Williams, W. M.

Publication Title: 
Why aren't more women in science?: Top researchers debate the evidence

After providing an outline of the contents of this book, the chapter considers recent history relevant to the debate on women in science. It discusses the evidence-based grounds for a biologically based argument in a number of the essays in this volume. The chapter describes the need for this volume. The essays in this volume show that the pattern of sex differences is much more nuanced than their depiction in the popular media (e.g., male=right brain; female=left brain).

Author(s): 
Williams, Wendy M.
Ceci, Stephen J.
Publication Title: 
Why aren't more women in science?: Top researchers debate the evidence

Society is becoming increasingly scientific, technological, and knowledge-based, depending on the utilization and maximization of human talent and potential (Friedman, 2005). A nation's strength, both economically and civically, is now linked to what it can call forth from the minds of its citizens. Consequently, much attention is being focused on strategies for increasing the number of science, technology, engineering, and mathematics (STEM) professionals produced in the United States and possible untapped pools of talent.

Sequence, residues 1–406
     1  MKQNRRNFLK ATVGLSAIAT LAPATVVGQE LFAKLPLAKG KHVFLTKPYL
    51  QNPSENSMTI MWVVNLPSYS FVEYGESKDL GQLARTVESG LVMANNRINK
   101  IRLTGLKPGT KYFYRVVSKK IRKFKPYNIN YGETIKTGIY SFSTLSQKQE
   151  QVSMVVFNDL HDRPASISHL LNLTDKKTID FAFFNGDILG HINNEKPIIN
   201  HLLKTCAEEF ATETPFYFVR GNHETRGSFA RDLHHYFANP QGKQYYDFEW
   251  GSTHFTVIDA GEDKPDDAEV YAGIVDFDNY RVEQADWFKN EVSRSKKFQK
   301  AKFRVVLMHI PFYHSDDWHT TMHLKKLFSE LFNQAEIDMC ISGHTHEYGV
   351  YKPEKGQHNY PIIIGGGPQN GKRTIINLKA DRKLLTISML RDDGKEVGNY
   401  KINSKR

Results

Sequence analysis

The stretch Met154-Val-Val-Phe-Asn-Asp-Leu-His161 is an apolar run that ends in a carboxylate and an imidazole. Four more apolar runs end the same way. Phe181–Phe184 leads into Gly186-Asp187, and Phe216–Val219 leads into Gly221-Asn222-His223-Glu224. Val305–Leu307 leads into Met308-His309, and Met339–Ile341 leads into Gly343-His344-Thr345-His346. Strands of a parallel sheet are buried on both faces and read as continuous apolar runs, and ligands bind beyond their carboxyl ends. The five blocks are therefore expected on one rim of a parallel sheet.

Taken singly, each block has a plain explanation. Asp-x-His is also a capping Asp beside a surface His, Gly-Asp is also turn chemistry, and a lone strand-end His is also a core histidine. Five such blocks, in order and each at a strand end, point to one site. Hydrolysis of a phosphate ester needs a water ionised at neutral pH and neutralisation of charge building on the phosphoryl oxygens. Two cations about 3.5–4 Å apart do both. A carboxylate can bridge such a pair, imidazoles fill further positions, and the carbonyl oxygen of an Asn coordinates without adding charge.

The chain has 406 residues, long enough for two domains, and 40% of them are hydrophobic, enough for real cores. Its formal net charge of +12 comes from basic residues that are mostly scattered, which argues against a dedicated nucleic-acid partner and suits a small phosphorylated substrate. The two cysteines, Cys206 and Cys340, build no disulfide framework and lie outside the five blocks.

Author(s): 
Lubinski, David S.
Benbow, Camilla Persson
Publication Title: 
Why aren't more women in science?: Top researchers debate the evidence

There are interesting differences between the average male and female mind. In using the word average, I am from the outset recognizing that such differences may have little to say about individuals. In addition, the differences are subtle and are to do with the relative proportions of different drives in the typical male and female mind. The field of sex differences in psychology in the 1960s and 1970s was so conflict-ridden as to make an open-minded debate about any potential role of biology contributing to psychological sex differences impossible.

Author(s): 
Baron-Cohen, Simon
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